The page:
Dane Boedigheimer, aka Daneboe, is at this point already a YouTube legend. And he’s also a super nice guy. Of course, I’ve probably said that in at least 4 million of the 5 million articles I’ve written about YouTube “legends,” but seriously, honestly this time: Dane belongs on the YouTube Mount Rushmore along with Keyboard Cat, and he is a truly, truly cool person. That pretend YouTube Mount Rushmore will exist, by the way, the moment I get to add to the zombie NMR editorial staff of Jeff Klima and a paperclip. Danny Z., you owe me, and the first thing I want is a stone sculptor.
So first about the legend thing: Dane is one of a handful of elite YouTube creators who’s managed to successfully extend their brand beyond Google’s video platform and into television. Despite what cheerleading, P.C. YouTubers will tell you — “I prefer YouTube. I’ve turned down TV offers to stay on YouTube. I don’t worship Beelzebub for views.” — it’s still relatively nascent in the online video era, and most creators would jump, hop and skip for the still bigger prizes of TV and movies (you think I wouldn’t kill to write about fiction in Esquire? Hell, I’d think about dumping everything just to write for Skymall). And Dane’s achieved the crossover seamlessly (into TV, not Skymall) — his ubiquitous Annoying Orange property continues to star in its own series on Cartoon Network concurrently with its short-form episodes on YouTube, on which they’ve ran since forever. See, Dane’s been uploading videos for over eight years now, and he shows no signs of stopping. In fact, he’s only expanding with more animated shows, live action videos and even a series with puppets (he says so in our interview below).
Lastly, about the nice guy thing: I interact with a lot of YouTubers, hear a lot of YouTuber stories, have seen a lot of YouTuber action (I mean this to be ambiguous), and just like in every group of people, some of them are jerkwads. Dane, no. He remains supremely humble, thankful and totally not a jerkwad, and it’s a breath of fresh air.
Read my in-depth interview with Dane below and peep our original photoshoot as well, all done at Dane’s very own Annoying Orange studio in Hollywood. You’ll learn about the origins of his video-making talent, see why Annoying Orange is so creepy, hear his fascinating thoughts on YouTube and Facebook’s changes, and see overall why I think Dane is the cat’s meow.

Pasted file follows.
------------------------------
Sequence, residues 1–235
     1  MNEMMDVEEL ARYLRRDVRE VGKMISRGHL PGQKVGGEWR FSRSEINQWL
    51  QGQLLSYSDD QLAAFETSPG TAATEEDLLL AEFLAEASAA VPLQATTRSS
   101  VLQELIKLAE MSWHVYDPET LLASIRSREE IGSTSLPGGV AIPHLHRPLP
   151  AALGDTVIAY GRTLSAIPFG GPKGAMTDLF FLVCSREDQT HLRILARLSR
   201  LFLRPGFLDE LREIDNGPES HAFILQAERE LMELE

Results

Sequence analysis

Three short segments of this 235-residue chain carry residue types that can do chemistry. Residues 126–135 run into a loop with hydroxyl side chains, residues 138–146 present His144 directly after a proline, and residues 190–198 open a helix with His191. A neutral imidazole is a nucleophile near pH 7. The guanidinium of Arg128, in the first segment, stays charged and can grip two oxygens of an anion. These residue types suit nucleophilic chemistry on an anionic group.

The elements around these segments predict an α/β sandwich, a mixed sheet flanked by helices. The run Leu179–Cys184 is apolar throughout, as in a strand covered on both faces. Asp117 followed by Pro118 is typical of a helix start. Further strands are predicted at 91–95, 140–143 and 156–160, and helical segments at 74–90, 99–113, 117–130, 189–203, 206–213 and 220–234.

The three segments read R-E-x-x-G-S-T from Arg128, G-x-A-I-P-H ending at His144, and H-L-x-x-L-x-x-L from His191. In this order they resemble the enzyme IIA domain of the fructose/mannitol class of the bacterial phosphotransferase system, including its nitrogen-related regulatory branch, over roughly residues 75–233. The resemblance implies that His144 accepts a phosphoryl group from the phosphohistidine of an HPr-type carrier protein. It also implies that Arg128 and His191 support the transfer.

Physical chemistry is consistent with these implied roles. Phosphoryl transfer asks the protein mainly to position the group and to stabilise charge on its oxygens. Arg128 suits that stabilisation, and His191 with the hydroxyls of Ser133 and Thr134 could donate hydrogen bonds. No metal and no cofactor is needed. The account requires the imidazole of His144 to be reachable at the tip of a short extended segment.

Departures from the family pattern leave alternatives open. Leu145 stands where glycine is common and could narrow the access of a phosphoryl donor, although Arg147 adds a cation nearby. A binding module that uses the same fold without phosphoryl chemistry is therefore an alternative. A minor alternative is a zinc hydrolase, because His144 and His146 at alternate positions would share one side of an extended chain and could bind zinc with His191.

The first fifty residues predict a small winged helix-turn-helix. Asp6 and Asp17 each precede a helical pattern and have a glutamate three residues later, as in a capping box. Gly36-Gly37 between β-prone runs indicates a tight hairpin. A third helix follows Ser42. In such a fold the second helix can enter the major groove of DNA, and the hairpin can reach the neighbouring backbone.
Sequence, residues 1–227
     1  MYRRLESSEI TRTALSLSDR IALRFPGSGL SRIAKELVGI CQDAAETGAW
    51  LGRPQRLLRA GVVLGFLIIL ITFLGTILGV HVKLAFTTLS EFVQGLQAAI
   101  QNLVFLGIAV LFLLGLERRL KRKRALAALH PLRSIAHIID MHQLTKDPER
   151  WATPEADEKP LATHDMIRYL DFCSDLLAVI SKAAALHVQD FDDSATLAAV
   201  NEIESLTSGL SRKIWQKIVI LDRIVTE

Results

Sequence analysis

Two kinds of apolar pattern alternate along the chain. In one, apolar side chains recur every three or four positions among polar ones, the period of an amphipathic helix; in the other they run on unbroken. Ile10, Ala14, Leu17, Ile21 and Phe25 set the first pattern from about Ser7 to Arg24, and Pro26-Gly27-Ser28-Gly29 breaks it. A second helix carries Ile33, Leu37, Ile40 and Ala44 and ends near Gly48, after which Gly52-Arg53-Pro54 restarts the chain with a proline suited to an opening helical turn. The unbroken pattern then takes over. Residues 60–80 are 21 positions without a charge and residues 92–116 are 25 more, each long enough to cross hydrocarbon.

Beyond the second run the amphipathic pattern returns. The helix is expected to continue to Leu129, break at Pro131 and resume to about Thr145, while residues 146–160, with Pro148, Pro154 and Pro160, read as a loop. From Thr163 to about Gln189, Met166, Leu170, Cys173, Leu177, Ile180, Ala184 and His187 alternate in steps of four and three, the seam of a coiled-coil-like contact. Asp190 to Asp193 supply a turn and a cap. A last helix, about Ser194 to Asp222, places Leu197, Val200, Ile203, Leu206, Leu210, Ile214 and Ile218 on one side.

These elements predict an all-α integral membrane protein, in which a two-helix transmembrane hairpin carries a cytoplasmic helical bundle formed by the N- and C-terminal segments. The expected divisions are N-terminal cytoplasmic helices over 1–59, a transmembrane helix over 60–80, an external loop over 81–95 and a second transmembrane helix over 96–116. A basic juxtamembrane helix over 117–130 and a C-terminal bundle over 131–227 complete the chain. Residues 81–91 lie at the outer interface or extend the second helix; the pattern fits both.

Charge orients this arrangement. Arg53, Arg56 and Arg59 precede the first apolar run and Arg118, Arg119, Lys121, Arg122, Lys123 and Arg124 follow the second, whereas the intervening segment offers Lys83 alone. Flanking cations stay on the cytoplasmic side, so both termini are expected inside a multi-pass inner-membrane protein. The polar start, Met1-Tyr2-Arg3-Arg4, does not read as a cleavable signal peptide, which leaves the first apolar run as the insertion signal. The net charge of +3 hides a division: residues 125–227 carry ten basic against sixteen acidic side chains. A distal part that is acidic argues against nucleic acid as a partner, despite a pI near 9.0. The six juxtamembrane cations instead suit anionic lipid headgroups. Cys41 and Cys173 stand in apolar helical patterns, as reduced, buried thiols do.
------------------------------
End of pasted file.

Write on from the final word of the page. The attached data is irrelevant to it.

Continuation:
Read the full interview below or visit the last page for the partial video interview
What was it like growing up in North Dakota? I know nothing about it.
Dane: Growing up in North Dakota was really great. I had a really close family, really close friends, and I feel like it really kind of nurtured this creativeness. I don’t know — it’s funny because we didn’t have a lot growing up. There’s not a lot to do in North Dakota. It’s very flat. We have movie theaters and chain restaurants, and that was about the biggest thing that you could go do when you’re there. So i just found myself, like most kids, making things up, and my parents got a camcorder when I was 12 years old, 12 or 13, and it was then that I realized that, holy cow, I can change the whole world around me. I started playing with it, and like, oh my god, I can make all these things come alive; I can do stop animation. And so the moment they got that camcorder, I hijacked it; it became mine. It became me and my brother turning North Dakota into our playground. It was something that we could just morph the world around us, and I love that. And I don’t think it was anything specific to North Dakota or anything like that, but I just liked that ability to take something that was — like i said, it was flat, there’s not a lot to it — but you can make it anything you want it to be.
Were you already taking stuff from the kitchen and giving them voices and stuff like that?
It kinda started like that. It was me taking my action figures mostly and giving them voices or doing stop animation, doing big wrestling matches in my bedroom with all stop animation, things like that. And when I learned how to do special effects, one of the big projects I did during college was I made a big monster movie, kind of like Godzilla or whatever. This big demon gets really big and destroys the entire town of Fargo and chases these kids down, and it was really fun to kind of morph that world and change it into whatever I wanted. But it started with me just taking inanimate objects and bringing them to life.
That’s interesting. Today we’re being constantly bombarded with technology, so do you think being stimulated all the time engenders less creativity?
Absolutely. I watched this fascinating video recently where they were talking about how your brain needs time to ingest what you’re taking in. Like someone tells you a fact, you need a little bit of time to ingest that. Otherwise if you’re interrupted, it quickly goes away and you forget about it. So I think being able to just sit down and play around with the camcorder and just go into that world for hours at a time, you absolutely need to do that. Because if you have a phone that’s constantly interrupting you, you’re getting texts, you’ve got an update on a game you’re playing that’s dinging at you, you can’t actually sit down and concentrate on what you’re doing. You’re not really being creative at that point. So yeah, absolutely, sitting down for hours at a time being in that world is so important.
Interview continues on p. 2